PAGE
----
Where? Well, the regulator will be based on these shores. But it has not escaped the attention of the White Paper authors that many of the largest and most successful social media companies are headquartered on the other side of the planet.
There is vague talk of powers to ‘enable the regulator to disrupt the business activities of a non-compliant company, measures to impose liability on individual members of senior management, and measures to block non-compliant services’.
This is Whitehall as King Canute, the Faceless against Facebook. There are, of course, countries which have successfully banned Google or switched off Twitter. They may even think of themselves as ‘safe’ online places. Whether the average Brit would want to go and live in such places must be open to doubt.
When? Well, the White Paper is proposing that social media companies move very quickly – within 24 hours – to remove offending material. Something like this has recently been tried in Germany with mixed results.
The threat of enormous fines has led to a culture of ‘senior management’ playing safe and some frankly bizarre examples of speech being censored.
There are now numerous examples of people being banned for satire, parody or causing offence. In March last year, a user was banned after joking: ‘Muslim men are taking a second wife. To finance their lives, Germans are taking a second job.’
The same month a woman received a month’s ban from Facebook for posting two pictures: one showed the 1970s Iranian women’s national volleyball team, wearing T-shirts and shorts; the current Iranian team was shown wearing hijabs and clothes that covered arms and legs.
Both posts might cause a degree of offence, but does a ‘safe’ online space rule out any humour?
In any event, there are now several German sites which are only too willing to repost any material which alarms Facebook or Twitter.
Then comes the Why? The instinct for such a crackdown on the internet is an understandable one. There is material in cyberspace – lots of it – which has no place in a decent society. It is entirely right to be looking for ways of protecting children and the vulnerable from things that could harm them. But unless it can answer the basic questions – not forgetting the How? – then the danger is that Britain will snuff out a precious flame.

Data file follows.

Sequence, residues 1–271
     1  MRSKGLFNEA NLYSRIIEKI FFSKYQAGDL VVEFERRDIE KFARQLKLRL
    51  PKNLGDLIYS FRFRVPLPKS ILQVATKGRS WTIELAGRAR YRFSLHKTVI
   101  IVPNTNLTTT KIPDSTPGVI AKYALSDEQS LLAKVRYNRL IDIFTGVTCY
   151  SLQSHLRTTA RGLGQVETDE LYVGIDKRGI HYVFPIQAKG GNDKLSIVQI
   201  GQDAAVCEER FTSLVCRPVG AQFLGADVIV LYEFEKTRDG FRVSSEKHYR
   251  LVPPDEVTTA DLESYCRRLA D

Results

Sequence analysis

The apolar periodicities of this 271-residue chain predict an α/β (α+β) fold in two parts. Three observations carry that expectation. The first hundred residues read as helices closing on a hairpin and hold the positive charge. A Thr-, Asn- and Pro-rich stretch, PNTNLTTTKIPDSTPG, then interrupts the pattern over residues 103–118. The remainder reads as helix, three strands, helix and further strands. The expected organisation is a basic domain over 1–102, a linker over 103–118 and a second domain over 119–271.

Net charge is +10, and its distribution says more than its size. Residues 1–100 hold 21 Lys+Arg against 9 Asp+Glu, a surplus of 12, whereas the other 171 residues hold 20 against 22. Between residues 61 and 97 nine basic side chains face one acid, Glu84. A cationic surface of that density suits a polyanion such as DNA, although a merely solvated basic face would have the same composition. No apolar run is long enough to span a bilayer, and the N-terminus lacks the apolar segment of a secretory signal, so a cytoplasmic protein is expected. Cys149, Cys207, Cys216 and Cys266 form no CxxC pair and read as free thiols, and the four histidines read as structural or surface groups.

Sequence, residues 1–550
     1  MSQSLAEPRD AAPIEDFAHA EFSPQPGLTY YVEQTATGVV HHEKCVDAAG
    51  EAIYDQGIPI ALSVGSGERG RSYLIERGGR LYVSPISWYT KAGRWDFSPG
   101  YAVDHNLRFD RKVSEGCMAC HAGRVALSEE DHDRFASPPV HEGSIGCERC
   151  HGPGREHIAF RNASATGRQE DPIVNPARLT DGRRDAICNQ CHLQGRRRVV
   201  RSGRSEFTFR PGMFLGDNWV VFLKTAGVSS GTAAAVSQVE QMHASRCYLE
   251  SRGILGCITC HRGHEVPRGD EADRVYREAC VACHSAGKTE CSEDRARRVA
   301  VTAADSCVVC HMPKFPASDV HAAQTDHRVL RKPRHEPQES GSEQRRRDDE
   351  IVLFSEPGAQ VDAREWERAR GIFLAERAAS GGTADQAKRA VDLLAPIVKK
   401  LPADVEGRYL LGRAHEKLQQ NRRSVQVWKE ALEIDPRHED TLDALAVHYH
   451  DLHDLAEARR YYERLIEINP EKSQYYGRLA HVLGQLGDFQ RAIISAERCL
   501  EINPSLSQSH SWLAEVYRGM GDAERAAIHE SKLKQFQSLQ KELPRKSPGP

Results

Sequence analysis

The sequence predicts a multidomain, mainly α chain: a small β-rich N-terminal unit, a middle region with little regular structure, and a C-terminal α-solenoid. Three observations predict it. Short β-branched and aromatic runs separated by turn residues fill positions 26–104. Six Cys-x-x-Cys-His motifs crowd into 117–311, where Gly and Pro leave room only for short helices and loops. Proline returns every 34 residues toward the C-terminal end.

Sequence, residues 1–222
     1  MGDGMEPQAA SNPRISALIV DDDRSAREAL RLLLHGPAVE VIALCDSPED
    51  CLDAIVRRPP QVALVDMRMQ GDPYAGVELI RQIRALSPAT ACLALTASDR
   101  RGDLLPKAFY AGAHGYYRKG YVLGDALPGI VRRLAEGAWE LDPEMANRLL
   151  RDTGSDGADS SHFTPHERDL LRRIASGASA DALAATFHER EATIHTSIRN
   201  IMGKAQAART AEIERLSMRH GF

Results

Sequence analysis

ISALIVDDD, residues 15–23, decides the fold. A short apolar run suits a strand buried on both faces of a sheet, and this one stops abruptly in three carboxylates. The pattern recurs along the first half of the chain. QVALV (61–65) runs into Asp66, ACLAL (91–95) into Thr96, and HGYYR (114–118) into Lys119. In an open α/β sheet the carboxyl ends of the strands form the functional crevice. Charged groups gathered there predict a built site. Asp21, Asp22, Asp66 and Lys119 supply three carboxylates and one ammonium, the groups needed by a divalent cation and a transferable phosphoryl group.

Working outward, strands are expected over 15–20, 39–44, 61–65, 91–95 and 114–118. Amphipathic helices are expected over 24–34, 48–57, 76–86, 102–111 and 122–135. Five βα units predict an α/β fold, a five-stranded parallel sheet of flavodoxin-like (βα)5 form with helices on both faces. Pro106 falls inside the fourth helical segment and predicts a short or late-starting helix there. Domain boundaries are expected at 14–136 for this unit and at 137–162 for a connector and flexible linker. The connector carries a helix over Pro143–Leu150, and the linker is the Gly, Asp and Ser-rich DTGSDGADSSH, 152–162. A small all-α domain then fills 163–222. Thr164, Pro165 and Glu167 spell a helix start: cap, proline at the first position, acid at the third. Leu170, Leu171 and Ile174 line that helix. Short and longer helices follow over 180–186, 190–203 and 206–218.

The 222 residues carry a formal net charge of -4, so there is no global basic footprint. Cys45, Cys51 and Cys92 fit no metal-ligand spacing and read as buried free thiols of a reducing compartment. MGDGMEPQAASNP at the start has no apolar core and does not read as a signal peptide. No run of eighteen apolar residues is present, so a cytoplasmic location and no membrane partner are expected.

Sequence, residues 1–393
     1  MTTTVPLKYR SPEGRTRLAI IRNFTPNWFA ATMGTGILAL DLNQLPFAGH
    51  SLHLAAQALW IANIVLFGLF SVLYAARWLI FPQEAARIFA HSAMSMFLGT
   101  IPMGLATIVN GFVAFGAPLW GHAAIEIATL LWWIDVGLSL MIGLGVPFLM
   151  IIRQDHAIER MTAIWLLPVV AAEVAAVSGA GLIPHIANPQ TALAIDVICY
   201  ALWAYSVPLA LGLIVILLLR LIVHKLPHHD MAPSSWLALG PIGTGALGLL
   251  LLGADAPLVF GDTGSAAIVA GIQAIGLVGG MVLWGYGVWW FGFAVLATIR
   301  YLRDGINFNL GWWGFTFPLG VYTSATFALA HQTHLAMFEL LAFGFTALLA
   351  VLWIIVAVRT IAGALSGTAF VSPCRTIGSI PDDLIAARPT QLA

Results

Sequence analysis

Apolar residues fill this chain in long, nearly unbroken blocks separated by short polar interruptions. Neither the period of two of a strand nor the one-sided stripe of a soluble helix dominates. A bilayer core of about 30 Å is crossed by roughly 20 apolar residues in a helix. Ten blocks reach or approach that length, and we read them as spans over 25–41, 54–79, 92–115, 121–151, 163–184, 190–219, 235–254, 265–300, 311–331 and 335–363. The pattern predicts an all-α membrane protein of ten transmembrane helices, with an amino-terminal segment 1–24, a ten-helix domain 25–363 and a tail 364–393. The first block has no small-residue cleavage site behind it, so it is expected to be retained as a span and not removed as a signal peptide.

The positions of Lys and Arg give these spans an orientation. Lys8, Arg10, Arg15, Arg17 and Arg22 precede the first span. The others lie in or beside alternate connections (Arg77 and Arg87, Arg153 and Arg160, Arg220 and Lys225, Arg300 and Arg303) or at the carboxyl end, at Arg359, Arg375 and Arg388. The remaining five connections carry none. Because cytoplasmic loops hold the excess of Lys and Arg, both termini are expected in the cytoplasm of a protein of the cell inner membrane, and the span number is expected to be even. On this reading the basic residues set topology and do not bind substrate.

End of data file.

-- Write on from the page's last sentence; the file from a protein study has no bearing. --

There are lots of reasons to dislike the West Coast giants. I wish they were more transparent; less driven by profit, more driven by public service.
The Google algorithm, for example, is one of the most powerful economic tools on the planet, yet how it works is a complete mystery to all its billions of users.
I don’t like them behaving like monopolies. I wish they would pay a fair share of tax on the enormous revenues they are scooping up. Some of them could undoubtedly afford to comply with the sort of stringent regime of regulation imagined in this report. But what about the smaller community websites? Or newspapers, struggling to deal with the dramatic loss of revenues as advertising is remorselessly sucked away by new players and new technologies?
What about the millions who have, in the past dozen or so years, found a voice and a freedom to communicate in this messy, brave and sometimes ugly new world?
What kind of example would we be setting to countries where dissidents rely on the ability to post ‘unacceptable’ thoughts?
It’s easy to demand instant answers to difficult problems. We won’t solve the very real challenges of the internet by creating half-baked regulators on the back of a White Paper that asks many right questions, but comes up with an equal number of wrong answers.
Five hundred years ago, Gutenberg’s invention led to convulsive revolutions in religion, science, business, education and much more. One writer has claimed the German printer ‘forged the key that would open the doors of knowledge to all mankind’.
We are at a similar moment in history. Let’s not waste it.
Alan Rusbridger was editor in chief of The Guardian. He is now Principal of Lady Margaret Hall, Oxford, and chairs the Reuters Institute for the Study of Journalism.